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PRC Weaponizes Water

PRC’s latest megadam poses an environmental threat to the Indo-Pacific

Brahma Chellaney

Water is the most precious of natural resources. The People’s Republic of China (PRC) dominates Asia’s water because of its control over the Tibetan plateau, which served as a buffer with India until the Chinese Communist Party (CCP) under Mao Zedong annexed it in the early 1950s.

Since mid-2022, Beijing has raised security concerns by increasing efforts to weaponize the transboundary flows of international rivers originating on the water-rich highlands with a perilous dam-building scheme.

The Tibetan plateau is the starting point of Asia’s 10 major river systems and the source of rivers for more than a dozen countries, underscoring the PRC’s unique riparian status. Yet, despite the PRC holding the key to stable, mutually beneficial relations among riparian states, the Chinese government stands out for not having a single water-sharing arrangement or cooperation treaty with any downriver country. In contrast, India has water-sharing arrangements with most of its neighbors, including Bangladesh and Nepal.

The PRC’s dam-building frenzy has increasingly focused on international rivers. Beijing’s effort to leverage its control of the Tibetan plateau in inter-riparian relations is integral to its broader geopolitical objectives. It is increasingly employing asymmetrical or hybrid warfare, also known as “unrestricted war,” a term coined by Chinese military officers more than 20 years ago.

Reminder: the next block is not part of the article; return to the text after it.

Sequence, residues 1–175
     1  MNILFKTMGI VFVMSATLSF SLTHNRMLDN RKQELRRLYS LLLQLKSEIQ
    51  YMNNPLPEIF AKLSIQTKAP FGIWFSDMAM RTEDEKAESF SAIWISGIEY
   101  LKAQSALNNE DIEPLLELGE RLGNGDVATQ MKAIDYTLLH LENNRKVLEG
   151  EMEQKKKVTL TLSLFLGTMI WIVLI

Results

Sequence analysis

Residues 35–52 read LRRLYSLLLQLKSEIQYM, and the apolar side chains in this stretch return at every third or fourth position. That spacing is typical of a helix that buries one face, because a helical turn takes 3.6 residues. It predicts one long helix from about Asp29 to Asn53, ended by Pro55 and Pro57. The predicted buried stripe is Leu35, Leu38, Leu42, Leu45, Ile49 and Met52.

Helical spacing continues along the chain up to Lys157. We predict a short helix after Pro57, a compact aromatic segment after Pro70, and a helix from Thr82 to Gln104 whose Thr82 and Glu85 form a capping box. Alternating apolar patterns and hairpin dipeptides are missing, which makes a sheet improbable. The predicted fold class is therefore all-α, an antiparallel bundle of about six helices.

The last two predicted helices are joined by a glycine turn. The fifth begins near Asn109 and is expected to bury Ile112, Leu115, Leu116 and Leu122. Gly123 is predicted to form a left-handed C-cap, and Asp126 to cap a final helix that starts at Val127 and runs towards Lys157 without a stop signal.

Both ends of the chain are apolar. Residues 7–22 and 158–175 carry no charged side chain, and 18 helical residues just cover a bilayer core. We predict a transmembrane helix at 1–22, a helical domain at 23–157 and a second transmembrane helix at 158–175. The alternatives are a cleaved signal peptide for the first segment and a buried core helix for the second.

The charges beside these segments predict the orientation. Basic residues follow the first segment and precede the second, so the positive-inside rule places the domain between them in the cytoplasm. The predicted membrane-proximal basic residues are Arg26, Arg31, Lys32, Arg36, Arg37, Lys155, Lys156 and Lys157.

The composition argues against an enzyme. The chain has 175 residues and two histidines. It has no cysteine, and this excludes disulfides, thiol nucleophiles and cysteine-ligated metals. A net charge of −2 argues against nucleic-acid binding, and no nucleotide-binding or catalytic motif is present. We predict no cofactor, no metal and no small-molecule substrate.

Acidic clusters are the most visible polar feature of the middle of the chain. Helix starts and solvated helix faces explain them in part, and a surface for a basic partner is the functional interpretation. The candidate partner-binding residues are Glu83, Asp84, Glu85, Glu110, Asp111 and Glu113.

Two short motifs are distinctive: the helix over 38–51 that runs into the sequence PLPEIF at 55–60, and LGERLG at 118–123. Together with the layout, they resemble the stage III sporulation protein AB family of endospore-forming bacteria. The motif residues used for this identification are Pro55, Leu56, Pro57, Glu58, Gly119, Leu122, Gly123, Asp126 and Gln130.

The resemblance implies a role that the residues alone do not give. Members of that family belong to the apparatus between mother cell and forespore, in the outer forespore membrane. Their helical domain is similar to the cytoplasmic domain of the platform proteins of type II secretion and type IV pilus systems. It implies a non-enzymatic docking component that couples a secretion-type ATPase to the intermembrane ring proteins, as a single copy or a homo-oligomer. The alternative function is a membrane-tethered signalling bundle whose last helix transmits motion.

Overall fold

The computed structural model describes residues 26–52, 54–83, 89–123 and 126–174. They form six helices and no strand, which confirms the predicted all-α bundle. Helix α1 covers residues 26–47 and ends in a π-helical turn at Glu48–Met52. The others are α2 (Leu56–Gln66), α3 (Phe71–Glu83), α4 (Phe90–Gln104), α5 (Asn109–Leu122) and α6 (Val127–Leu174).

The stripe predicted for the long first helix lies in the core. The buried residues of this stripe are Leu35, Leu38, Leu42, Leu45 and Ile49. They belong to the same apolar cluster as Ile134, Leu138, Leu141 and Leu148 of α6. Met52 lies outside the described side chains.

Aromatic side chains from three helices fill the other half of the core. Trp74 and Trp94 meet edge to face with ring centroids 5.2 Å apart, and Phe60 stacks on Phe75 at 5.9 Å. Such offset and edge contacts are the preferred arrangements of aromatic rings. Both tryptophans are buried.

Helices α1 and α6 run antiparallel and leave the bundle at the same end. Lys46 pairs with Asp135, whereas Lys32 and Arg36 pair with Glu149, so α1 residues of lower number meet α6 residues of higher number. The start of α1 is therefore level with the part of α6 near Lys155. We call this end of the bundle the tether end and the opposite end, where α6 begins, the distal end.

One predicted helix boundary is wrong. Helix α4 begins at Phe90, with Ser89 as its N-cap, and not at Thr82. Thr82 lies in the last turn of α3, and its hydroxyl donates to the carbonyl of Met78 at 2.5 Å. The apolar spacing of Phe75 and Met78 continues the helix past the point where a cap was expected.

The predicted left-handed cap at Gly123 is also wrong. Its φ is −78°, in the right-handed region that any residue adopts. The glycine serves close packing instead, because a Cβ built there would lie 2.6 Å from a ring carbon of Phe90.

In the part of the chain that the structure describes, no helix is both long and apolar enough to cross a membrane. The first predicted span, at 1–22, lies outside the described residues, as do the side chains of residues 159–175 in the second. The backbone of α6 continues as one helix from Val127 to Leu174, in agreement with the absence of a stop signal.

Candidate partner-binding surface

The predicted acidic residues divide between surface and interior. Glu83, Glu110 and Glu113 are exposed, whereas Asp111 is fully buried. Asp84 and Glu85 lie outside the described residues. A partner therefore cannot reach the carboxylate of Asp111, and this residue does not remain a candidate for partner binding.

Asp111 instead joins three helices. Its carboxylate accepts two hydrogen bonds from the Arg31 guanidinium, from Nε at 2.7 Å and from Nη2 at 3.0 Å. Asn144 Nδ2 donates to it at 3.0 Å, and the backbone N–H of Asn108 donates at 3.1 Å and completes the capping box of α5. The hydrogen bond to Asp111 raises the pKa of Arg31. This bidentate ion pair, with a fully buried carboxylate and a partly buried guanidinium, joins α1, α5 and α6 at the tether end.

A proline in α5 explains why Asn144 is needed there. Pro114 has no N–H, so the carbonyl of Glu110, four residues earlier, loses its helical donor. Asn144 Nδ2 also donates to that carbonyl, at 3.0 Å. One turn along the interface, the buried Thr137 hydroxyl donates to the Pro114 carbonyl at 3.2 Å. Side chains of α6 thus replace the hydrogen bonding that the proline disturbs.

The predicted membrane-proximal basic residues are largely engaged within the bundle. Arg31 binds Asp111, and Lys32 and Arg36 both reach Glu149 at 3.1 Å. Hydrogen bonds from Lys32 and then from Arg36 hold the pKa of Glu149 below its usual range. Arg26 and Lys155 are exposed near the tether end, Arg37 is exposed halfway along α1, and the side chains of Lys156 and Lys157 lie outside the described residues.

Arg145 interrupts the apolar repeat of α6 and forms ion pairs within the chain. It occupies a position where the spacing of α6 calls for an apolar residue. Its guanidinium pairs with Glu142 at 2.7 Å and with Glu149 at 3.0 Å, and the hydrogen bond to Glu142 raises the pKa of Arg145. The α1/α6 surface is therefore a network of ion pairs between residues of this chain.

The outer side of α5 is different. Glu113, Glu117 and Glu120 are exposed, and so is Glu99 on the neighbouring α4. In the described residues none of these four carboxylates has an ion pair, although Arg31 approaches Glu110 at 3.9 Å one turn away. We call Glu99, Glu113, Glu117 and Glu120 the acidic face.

Through this model — which embraces all forms of indirect warfare — the PRC has pursued an expansionist and coercive agenda. But it has always sought to camouflage its aggressive actions as defensive or peaceful. Weaponizing water meshes with Beijing’s unrestricted war strategy.

A Chinese-built hydroelectric power plant in Nauseri, Pakistan, was shut down in 2022 over concerns it could collapse. The Associated Press

Unparalleled megadam

The PRC is building the world’s biggest hydroelectric dam on the Brahmaputra River in Tibet. It is also a massively risky project. Concerns about the behemoth dam swirl in downriver Bangladesh and India, at least partly because it will be in a seismically active area. The location will potentially make it a ticking water bomb for downstream communities.

Add to that the risks of building the world’s most powerful hydropower facility in treacherous terrain, on what is perhaps the wildest stretch of any river in the world. The Brahmaputra curves sharply around the Himalayas, forming the world’s longest and steepest canyon — twice as deep as the Grand Canyon in the United States. This gorge, which plunges 6,008 meters, holds Asia’s largest untapped water resources.